One of the thugs who gets badly injured by Hutch during the bus battle is named Teddy Kuznetsovj (played by Aleksandr Pal), whose injuries include brain damage and possible permanent paralysis. Teddy just happens to be the younger brother of a demented Russian mobster named Yulian Kuznetsov (played by Alexey Serebryakov), so you know what that means. Yulian finds out that Hutch s responsible for Teddy’s near-fatal injuries and vows to get revenge.

Yulian provides security for a Russian organization called Obshak, which houses a fortune worth millions. So there’s big money at stake in this crime saga. Yulian’s has several goons helping him track down Hutch. Among these accomplices is Yulian’s half-Russian, half-Ethiopian right-hand man Pavel (played by Araya Mengesha), whom Yulian viciously defends when some racist gangsters try to degrade Pavel for not being white.

As an example of some of the goofy quirks in this movie, Yulian likes getting on stage and performing to corny dance-pop music. There’s a scene of Yulian at his favorite nightclub Malina, which is the type of gaudy and tacky nightspot where you might see wannabe Eurovision Song Contest performers. Yulian leaps on stage with one of the singers and starts dancing as if he’s the star of the show.

Another sight gag in the film is during a big shootout at Williams Manufacturing Ltd., Hutch is near a wall sign that that reads, “This department has worked 204 days without lost time accident. The best previous record was 91 days. Do your part.” The number 204 is on a part of the sign that is erasable. In the middle of the melee, Hutch takes his elbow and erases the number 204, to indicate that the office isn’t a safe space anymore.

Even with these touches of comedy, the main attraction for “Nobody” remains the action. Fortunately, the movie doesn’t let up on its adrenaline pace. And the filmmakers understand that the spectacle of Hutch being a one-man combat machine isn’t enough, so there are more people who eventually join Hutch in his fight against Yulian and his thugs. The choreography and stunts in the fight scenes are much better than the movie’s visual effects. (For example, there’s a scene with a massive fire where the flames look very fake.)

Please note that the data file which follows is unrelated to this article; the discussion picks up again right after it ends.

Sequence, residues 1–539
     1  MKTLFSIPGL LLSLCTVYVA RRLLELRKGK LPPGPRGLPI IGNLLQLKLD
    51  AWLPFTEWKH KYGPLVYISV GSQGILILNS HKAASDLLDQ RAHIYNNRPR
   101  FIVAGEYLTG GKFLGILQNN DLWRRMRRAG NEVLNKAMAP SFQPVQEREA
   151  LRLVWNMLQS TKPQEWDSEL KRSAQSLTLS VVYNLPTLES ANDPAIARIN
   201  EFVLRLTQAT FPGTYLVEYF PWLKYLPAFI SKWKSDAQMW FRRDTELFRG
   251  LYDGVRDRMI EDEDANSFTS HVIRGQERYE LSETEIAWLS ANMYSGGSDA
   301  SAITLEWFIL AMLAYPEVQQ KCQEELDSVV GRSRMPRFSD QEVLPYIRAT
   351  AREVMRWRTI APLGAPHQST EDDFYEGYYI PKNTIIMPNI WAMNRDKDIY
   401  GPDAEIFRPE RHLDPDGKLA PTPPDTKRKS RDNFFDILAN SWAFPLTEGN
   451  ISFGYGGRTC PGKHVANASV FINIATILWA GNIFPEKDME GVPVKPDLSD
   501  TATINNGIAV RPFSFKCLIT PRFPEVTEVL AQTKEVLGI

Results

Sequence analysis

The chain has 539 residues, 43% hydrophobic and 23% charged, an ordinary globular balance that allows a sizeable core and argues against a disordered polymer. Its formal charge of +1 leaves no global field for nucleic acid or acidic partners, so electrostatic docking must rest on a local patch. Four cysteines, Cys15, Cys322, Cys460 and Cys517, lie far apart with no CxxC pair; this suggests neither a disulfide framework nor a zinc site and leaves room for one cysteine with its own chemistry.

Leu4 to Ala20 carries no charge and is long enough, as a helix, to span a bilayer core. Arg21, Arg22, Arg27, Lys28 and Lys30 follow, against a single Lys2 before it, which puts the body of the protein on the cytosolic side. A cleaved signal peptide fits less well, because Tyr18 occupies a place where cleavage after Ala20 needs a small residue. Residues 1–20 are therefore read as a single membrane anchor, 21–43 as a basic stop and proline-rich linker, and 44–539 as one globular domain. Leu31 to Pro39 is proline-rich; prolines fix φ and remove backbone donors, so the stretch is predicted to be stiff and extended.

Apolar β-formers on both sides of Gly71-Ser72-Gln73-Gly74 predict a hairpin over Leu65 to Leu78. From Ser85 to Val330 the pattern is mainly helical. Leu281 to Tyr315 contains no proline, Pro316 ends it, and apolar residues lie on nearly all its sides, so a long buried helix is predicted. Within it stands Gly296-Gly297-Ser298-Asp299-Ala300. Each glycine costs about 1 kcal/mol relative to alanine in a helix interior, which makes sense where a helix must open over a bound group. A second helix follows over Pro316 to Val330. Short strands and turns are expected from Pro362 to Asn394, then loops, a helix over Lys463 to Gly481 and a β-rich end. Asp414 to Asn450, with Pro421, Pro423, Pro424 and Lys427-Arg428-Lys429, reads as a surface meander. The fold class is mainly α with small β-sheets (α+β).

Odenkirk carries the movie with an entertaining flair as Hutch, who never really loses his humanity underneath all of his rage. If viewers are wondering how Hutch is able to have such masterful fighting skills, it’s explained in the movie. The explanation isn’t surprising in the least, since there were many clues that Hutch isn’t as “average” as he first appears to be. The ending of “Nobody” is a clear indication that the filmmakers want this movie’s story to continue. And based on all the crowd-pleasing aspects of this movie, there’s a high likelihood that “Nobody” won’t be the last time that viewers will see Hutch Mansell.

Universal Pictures released “Nobody” in U.S. cinemas on March 26, 2021. The movie’s VOD release date is April 16, 2021.

Review: ‘Wonder Woman 1984,’ starring Gal Gadot, Chris Pine, Pedro Pascal and Kristen Wiig

December 24, 2020

by Carla Hay

Gal Gadot in “Wonder Woman 1984” (Photo by Clay Enos/Warner Bros. Pictures & © DC Comics)

“Wonder Woman 1984”

Directed by Patty Jenkins